Since, nobody, had, dared,
With, my, own, breath,
I, broke, the, cord! ”

Villa also created verses out of already-published proses and forming what he liked to call "Collages". This excerpt from his poem #205 was adapted from Letters of Rainer Maria Rilke, volume 1:

“ And then suddenly,
A life on which one could
Stand. Now it carried one and
Was conscious of one while it
Carried. A stillness in which
Reality and miracle

Had become identical -
Stillness of that greatest
Stillness. Like a plant that is to
Become a tree, so was I
Taken out of the little container,
Carefully, while earth ”

While Villa agreed with William Carlos Williams that "prose can be a laboratory for metrics", he tried to make the adapted words his own. His opinion on what makes a good poetry was in contrast to the progressive styles of Walt Whitman, which he said: "Poetry should evoke an emotional response. The poet has a breathlessness in him that he converts into a breathlessness of words, which in turn becomes the breathlessness of the reader. This is the sign of a true poet. All other verse, without this appeal, is just verse."
He also advised his students who aspire to become poets not to read any form of fiction in order for their poems "(not become) contaminated by narrative elements", insisting that real poetry is "written with words, not ideas".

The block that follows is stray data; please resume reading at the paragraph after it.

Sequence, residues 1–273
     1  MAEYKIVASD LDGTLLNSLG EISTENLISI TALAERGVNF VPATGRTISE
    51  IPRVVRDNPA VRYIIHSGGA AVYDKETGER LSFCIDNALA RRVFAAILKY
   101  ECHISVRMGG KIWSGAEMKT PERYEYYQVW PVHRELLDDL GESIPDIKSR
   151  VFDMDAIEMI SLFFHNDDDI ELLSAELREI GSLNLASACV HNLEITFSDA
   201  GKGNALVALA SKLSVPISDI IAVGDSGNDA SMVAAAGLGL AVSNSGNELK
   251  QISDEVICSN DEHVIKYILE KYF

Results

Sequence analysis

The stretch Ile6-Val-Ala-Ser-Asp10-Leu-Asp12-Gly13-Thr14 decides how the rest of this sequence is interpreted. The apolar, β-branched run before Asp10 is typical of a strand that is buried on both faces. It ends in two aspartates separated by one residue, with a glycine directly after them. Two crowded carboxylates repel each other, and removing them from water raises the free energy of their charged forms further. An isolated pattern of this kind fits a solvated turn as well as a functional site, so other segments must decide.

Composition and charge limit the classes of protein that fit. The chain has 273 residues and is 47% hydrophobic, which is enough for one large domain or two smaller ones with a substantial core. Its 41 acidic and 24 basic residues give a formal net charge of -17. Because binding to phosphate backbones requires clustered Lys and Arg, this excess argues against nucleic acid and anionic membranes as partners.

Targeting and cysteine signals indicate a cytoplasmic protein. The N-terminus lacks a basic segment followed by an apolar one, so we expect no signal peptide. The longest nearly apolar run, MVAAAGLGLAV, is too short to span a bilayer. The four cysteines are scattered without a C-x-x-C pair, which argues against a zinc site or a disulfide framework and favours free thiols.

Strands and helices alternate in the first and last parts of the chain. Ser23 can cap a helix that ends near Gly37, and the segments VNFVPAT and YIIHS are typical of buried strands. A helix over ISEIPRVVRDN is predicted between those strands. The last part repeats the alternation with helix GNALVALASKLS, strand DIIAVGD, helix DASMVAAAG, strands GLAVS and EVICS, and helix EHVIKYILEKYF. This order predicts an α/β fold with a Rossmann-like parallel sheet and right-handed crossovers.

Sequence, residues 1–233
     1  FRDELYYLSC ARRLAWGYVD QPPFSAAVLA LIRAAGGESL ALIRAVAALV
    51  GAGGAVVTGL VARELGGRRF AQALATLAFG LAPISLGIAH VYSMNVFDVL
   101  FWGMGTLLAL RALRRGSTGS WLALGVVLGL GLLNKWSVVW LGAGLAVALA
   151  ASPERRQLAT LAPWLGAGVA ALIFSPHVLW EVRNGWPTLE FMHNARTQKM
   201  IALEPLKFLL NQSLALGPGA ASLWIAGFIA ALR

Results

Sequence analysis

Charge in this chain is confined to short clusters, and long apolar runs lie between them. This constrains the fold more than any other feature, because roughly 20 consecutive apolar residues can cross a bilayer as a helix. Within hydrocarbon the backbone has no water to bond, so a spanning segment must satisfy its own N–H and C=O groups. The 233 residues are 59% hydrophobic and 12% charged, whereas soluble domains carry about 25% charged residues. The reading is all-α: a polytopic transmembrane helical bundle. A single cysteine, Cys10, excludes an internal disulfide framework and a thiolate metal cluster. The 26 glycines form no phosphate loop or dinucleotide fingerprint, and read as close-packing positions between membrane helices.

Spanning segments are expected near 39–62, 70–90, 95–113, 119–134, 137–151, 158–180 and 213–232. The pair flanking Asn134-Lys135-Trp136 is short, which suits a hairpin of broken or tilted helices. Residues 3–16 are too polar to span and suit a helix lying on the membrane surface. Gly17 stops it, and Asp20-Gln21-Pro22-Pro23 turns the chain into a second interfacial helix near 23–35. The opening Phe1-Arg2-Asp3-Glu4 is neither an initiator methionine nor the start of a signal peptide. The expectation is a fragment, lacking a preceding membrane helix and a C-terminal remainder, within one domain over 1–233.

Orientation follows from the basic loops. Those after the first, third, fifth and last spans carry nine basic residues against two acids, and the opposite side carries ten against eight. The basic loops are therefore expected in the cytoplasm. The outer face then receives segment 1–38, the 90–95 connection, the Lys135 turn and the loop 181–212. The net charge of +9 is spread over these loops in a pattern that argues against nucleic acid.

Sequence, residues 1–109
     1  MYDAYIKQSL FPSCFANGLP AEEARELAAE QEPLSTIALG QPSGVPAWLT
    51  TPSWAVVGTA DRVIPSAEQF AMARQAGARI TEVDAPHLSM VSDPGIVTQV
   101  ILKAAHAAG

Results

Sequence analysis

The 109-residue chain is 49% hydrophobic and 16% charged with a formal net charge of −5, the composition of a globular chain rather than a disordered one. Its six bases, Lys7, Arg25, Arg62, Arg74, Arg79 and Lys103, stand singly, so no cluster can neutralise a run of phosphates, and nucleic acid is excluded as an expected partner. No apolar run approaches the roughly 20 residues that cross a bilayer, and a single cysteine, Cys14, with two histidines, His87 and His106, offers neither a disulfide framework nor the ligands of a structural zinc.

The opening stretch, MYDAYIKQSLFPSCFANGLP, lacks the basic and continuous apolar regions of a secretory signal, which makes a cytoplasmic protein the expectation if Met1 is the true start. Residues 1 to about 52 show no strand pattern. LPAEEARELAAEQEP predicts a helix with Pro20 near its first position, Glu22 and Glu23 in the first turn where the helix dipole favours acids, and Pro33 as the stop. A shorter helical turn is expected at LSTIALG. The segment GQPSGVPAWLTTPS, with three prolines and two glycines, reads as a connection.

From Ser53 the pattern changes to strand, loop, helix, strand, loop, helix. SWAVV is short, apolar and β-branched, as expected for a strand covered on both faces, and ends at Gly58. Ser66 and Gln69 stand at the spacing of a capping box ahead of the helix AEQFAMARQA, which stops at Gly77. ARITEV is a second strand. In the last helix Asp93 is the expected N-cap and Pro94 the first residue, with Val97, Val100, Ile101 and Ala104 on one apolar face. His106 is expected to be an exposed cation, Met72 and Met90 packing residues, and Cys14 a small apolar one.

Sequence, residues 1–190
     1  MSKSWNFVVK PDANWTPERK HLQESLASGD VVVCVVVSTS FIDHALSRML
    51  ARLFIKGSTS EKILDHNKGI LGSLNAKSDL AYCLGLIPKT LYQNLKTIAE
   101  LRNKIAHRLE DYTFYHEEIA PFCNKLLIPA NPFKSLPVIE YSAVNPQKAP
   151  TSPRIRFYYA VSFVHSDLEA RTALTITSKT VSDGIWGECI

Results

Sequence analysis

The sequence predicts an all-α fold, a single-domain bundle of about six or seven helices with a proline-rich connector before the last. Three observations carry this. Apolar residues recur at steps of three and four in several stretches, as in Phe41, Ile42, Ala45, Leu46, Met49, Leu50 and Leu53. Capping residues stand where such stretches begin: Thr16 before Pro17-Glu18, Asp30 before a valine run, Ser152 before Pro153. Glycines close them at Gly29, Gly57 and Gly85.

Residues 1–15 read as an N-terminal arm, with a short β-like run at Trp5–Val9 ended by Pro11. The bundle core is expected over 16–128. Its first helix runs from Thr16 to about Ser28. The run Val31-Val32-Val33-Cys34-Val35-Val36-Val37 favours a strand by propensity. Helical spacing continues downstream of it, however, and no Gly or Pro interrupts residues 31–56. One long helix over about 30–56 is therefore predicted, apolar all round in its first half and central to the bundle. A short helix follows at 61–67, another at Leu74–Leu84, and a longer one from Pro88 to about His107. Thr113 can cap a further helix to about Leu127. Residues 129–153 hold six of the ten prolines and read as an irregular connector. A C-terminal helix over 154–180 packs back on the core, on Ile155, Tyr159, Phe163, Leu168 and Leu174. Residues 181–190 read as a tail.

Critical reception

Villa was considered as a powerful literary influence in the Philippines throughout much of the 20th century, although he had lived most of his life in the United States. His writing style, as well as his personality and staunch opinions on writing, has often made him considered as an eccentric. Francia explained in Asiaweek magazine, "In a world of English-language poetry dominated by British and Americans, Villa stood out for the ascetic brilliance of his poetry and for his national origin." Fellow Filipino writer Salvador P. López described Villa as "the one Filipino writer today who it would be futile to deride and impossible to ignore … the pace-setter for an entire generation of young writers, the mentor laying down the law for the whole tribe, the patron-saint of a cult of rebellious moderns." However, Villa was accused of having little faith on the Filipinos' ability to write creatively in English, saying that "poetry in English has no prospects whatsoever in the Philippines -- i.e., ... that it cannot be written by Filipino writers. An exception or two may arise after a long period of time, but these writers will remain exceptions. The reason why Filipino writers are at a disadvantage in the writing of English poetry -- is that they have no oneness with the English language."
In a review to Footnote to Youth, The New York Times wrote, "For at least two years the name of Jose Garcia Villa has been familiar to the devotees of the experimental short story...They knew, too, that he was an extremely youthful Filipino who had somehow acquired the ability to write a remarkable English prose and who had come to America as a student in the summer of 1930." This comment brought out two opposing impressions of him: as a literary genius, and merely as a writer of English as a second language.